Chinua Achebe and the Gauntlets of the Age by Emmanuel Dairo
On March 21, the world rose in unison to salute the memory of the late great Chinua Achebe who passed away exactly three years prior. The tipped hats and raised glasses and reminiscences were just an acknowledgment of the impact of the literary sage whose creative and critical contributions helped to shape the course of African and Nigerian literature.
There are lessons from the life and works of Mr Achebe the writers of this generation can draw upon in plotting a path for the present and the future. The most important of these in my view is the lesson that writers need to be committed to the causes thrown their way by politics, history, culture and the other myriad forces that together define the contemporary space.
Mr Achebe was a man with a mission to combat and overthrow the established order and narratives of his time. Much of his output embodies this singular yearning. It is not surprising that Things Fall Apart, TFA became an instant classic upon publication: it only went viral in the way newly-discovered and important things – like gravitational waves and the first iPhone – go viral. What is important is that TFA, together with Arrow of God and No Longer at Ease, represented a fresh perspective, not just towards continental storytelling but towards characterization and focalization. It inaugurated the metamorphosis of the African in fiction from colonized object suffering the condition of colonialism to native subject navigating the complexities of colonization.
Mr Achebe’s fourth novel, A Man of the People was the writer’s warning to the pilots of his country to change course before it was too late. They did not listen, of course, and ended up plunging Nigeria into a bloody civil war.
Throughout his career, Mr Achebe demonstrated total commitment to the key issues he deemed worth tackling with his creative ingenuity and his critic’s whip. He had little patience for those producing literature of a purely personal nature, contending that art ought to be pressed — even if partly — into community service; and had less regard for African writers who produced works whose themes imitate those of European modernism, but which are then dressed up as African fiction. Ayi Kwei Armah’s The Beautiful Ones are not yet Born is considered “sick, not with the sickness of Ghana but with the sickness of the human condition.” That seemed like a crime to Mr Achebe; certainly, he held the view that charity should begin at home. “The African writer,” he writes, “cannot … be unaware of, or indifferent to, the monumental injustice which his people suffer.”
Not content with arguing that the African voice, African culture and experiences, and local modes of narration should be placed firmly at the centre of African fiction, Mr Achebe also challenged the place of certain books in world literature because of the racist attitudes they perpetuate. Conrad’s Heart of Darkness owes its current location in the recycle bin of the literary canon to Mr Achebe’s influential lecture “An Image of Africa: Racism in Conrad’s ‘Heart of Darkness’” where he claims that the book actively encourages a picture of Africa as a place of “triumphant bestiality” peopled by ignoble savages who communicated by howling and leaping and spinning and making horrible faces.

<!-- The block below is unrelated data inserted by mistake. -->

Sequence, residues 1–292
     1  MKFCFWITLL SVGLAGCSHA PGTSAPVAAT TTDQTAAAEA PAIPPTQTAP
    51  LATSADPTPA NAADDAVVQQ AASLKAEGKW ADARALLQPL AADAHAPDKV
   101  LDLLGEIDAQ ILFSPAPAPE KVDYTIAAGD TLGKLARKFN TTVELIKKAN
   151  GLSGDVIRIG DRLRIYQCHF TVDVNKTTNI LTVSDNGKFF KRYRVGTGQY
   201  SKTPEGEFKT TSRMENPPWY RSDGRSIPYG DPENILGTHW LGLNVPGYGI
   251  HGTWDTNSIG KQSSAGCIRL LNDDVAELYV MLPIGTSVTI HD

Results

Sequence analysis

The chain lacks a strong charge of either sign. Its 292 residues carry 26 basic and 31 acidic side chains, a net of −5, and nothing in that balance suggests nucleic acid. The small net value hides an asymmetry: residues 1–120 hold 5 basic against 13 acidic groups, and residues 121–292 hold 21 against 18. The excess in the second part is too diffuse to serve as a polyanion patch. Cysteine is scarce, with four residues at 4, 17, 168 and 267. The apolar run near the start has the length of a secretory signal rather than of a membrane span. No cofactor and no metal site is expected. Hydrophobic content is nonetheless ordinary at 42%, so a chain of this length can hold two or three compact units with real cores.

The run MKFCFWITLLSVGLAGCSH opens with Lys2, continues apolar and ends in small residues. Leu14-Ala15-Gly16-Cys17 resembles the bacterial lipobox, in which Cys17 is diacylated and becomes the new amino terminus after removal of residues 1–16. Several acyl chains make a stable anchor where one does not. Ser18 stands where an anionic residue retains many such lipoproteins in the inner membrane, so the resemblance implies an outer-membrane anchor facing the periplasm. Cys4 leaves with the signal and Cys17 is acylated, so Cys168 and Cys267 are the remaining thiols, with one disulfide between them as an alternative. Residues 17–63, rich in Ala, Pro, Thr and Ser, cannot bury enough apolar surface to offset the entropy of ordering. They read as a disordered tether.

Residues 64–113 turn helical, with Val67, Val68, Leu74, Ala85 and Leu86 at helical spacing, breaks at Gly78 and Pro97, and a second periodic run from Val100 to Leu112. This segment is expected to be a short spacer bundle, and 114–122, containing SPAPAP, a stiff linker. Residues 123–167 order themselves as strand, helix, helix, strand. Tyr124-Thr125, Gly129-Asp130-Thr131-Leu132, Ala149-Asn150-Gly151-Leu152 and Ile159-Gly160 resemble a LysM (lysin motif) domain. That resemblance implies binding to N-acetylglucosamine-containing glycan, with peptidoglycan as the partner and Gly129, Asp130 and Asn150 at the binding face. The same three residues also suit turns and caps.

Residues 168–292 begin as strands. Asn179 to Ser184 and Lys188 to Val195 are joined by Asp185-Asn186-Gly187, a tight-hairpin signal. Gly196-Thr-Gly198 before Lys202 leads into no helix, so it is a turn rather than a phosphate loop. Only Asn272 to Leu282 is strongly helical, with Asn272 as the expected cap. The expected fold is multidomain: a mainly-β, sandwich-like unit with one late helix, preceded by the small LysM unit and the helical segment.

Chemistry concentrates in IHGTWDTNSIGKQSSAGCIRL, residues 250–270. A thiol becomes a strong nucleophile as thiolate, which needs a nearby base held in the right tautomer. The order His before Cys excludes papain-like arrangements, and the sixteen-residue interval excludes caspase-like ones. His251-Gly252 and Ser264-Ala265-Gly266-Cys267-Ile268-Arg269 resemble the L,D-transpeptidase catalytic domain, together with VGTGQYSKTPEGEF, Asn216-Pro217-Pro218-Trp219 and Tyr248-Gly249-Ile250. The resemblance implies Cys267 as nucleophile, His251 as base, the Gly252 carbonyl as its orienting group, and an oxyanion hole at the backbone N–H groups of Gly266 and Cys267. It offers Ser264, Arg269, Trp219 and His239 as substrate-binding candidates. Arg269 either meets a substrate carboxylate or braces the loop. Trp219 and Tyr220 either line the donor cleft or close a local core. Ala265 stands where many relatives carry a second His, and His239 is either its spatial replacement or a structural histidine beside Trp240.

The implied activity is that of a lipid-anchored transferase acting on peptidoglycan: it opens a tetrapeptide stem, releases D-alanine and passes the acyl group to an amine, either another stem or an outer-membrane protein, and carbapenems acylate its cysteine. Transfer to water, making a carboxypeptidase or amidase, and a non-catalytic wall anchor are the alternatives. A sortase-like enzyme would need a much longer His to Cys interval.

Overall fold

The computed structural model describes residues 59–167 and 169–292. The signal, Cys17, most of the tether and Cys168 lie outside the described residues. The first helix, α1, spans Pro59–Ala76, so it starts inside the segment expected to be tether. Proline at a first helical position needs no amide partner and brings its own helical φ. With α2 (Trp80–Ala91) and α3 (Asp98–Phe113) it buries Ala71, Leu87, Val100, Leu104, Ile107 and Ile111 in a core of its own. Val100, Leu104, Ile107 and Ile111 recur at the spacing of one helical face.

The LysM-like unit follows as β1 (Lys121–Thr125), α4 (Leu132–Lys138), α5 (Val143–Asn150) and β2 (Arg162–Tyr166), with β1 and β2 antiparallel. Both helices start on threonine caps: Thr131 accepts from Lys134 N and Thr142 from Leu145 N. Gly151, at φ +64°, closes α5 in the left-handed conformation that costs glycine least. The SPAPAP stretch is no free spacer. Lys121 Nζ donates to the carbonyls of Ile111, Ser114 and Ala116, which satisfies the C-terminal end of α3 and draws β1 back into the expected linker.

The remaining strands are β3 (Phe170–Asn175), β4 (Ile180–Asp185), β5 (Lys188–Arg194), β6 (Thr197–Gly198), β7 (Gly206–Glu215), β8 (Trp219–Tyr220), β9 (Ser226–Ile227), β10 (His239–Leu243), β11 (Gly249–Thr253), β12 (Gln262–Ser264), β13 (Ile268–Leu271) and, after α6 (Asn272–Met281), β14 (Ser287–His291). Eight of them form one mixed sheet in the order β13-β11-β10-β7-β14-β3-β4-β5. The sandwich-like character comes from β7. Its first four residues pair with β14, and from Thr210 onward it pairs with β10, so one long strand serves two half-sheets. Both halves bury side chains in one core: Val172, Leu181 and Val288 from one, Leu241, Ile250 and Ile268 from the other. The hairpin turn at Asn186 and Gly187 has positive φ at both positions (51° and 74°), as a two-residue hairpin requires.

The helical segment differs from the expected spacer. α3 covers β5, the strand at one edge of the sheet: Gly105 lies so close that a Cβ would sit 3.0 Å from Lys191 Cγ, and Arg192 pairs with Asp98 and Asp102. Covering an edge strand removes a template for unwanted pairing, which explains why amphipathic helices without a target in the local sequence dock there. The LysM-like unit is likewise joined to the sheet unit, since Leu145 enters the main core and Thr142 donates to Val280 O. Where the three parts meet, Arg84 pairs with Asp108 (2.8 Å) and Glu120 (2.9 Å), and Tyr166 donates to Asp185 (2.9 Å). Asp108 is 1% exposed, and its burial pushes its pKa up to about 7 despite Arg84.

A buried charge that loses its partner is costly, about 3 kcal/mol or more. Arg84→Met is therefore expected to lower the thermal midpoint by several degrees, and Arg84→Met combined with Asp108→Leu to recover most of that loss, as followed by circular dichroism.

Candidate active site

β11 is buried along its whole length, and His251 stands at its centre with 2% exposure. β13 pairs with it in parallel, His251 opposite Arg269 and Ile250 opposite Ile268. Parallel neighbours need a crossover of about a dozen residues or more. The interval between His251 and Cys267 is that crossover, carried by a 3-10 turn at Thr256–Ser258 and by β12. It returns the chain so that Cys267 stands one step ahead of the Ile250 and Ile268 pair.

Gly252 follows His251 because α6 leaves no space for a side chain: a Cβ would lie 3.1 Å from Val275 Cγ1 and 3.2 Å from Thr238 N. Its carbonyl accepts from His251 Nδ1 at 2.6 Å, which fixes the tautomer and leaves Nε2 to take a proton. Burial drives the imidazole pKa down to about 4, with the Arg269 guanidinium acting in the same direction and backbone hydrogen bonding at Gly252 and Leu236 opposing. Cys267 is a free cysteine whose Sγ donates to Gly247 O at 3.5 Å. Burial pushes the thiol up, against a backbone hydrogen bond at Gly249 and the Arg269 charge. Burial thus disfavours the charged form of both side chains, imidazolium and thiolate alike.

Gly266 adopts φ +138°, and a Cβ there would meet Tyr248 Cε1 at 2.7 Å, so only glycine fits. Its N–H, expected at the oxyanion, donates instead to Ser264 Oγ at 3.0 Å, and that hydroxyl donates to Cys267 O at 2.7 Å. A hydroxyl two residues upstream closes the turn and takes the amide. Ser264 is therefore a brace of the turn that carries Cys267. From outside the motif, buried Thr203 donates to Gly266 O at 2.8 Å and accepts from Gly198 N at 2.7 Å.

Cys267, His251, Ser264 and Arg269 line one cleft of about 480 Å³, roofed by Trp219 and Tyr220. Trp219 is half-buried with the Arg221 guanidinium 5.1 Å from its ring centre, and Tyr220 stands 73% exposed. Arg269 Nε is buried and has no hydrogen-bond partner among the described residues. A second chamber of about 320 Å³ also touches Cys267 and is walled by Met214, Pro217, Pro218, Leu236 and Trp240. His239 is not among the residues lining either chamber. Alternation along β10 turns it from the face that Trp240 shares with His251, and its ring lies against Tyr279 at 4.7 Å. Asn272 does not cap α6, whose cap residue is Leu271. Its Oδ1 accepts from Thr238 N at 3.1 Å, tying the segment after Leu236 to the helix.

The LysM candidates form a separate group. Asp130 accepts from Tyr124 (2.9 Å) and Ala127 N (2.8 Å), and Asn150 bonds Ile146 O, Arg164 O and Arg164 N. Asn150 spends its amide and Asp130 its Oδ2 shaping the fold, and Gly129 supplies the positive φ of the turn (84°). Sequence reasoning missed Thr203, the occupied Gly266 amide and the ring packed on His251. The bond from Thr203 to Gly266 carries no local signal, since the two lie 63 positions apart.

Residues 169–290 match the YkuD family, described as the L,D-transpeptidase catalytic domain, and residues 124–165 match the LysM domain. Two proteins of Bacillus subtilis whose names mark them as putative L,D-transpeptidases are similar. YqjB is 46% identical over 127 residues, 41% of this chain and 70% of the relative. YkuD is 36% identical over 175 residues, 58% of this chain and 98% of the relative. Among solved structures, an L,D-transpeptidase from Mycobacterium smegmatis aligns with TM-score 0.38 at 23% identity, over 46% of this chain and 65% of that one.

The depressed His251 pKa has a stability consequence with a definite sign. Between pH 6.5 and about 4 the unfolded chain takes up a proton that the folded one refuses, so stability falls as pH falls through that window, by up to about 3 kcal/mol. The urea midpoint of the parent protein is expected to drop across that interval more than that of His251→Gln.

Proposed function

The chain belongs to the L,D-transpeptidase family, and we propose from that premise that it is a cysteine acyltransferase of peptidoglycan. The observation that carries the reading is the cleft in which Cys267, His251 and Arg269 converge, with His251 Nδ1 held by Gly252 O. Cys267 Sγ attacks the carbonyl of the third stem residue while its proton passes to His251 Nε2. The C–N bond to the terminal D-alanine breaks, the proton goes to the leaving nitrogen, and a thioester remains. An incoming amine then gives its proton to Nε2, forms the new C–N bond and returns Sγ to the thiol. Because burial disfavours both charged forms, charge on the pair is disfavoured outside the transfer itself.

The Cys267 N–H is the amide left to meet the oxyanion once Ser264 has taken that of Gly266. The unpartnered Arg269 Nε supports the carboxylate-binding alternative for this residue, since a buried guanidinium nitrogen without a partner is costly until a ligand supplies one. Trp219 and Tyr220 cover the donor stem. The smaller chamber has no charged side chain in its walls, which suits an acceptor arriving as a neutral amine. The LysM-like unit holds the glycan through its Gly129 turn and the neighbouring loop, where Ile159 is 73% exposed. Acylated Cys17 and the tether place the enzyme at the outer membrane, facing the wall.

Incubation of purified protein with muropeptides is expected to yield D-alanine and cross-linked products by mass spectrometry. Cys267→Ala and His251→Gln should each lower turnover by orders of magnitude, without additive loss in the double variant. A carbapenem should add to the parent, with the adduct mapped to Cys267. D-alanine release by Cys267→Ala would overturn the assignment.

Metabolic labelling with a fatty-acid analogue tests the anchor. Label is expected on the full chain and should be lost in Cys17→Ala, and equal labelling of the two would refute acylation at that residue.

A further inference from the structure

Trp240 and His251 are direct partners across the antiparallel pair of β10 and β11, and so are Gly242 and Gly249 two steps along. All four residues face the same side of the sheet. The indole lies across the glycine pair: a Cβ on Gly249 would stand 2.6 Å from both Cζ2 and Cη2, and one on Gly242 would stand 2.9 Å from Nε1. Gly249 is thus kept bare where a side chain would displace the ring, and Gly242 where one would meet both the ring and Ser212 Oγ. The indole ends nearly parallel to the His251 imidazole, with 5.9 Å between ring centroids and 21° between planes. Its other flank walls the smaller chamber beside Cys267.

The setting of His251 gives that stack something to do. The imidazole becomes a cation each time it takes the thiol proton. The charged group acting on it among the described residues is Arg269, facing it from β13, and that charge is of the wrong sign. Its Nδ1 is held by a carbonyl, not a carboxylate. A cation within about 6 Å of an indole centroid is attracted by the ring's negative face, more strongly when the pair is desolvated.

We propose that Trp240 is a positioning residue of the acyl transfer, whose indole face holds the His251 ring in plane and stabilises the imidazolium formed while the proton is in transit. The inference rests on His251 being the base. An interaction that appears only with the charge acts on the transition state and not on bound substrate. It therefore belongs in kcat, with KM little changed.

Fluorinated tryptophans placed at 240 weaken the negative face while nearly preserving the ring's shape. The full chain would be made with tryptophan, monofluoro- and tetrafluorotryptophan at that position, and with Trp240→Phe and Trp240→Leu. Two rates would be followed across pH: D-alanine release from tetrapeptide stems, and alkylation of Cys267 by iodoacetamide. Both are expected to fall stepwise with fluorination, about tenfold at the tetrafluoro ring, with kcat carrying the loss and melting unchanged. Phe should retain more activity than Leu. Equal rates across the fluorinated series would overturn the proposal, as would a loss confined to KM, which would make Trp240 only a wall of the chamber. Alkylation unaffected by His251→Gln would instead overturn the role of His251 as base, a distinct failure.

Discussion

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An overview of Mr Achebe’s life and career invites the conclusion that here was a man who picked his battles – and picked them well. Sometimes he won, sometimes – as in the case of his emissarial duties for Biafra – he did not win. The outcome does not matter greatly. What is worth emphasizing is that he fought with all his heart and all his talent.
Nearly six decades after his first flourish, there are still battles to be fought and gauntlets to be picked. From Nigeria and across the Sahara to Mediterranean Africa, from South Africa to Tanzania, issues keep springing up. Some of these issues are as old as independence; others are products of the millennium and the internet age. All of them require the writer’s attention.
Every other week, my Facebook newsfeed turns up at least one item about a boat full of frustrated but hopeful Africans in search of the Golden Fleece in Europe. From west, east, south and north they come, determined to dare and resigned to danger. While ISIS holds sway in Libya, Boko Haram and Al Shabaab continue to terrorize state and citizenry in west and east Africa respectively. Homophobia-inspired lynching threatens to become a norm while everywhere you turn, vision 20:2020 is looking more like mirage 20:2020.
Those of a more provincial disposition have no lack of issues to tackle in their respective countries. In Nigeria for instance, topical issues like the relentless southward rampage of Fulani herdsmen, secessionist sentiments in the south, east and west, and dwindling economic fortunes provide ample material for writers to weave their stories, satires and prophecies. There are discourses to interrogate, cultural practices to extol or expose and steps and missteps of nationhood to chronicle.
It is worthwhile to wonder whether a young Mr Achebe would have obeyed summons to a boat trip or two from Libya to Italy or a few weeks of living with Internally Displaced Persons in camps in Maiduguri, observing, listening, recording and translating. As he is no longer around to be served, however, the challenge of doing a Svetlana Alexievich is the contemporary writer’s. There are issues aplenty to write about. Mr Achebe’s example shows that, aside talent, the only qualifications needed to take up the gauntlet are conviction and courage.
About The Author:
Emmanuel Dairo lives in Lagos. He is playing at becoming a writer, editor and useful public nuisance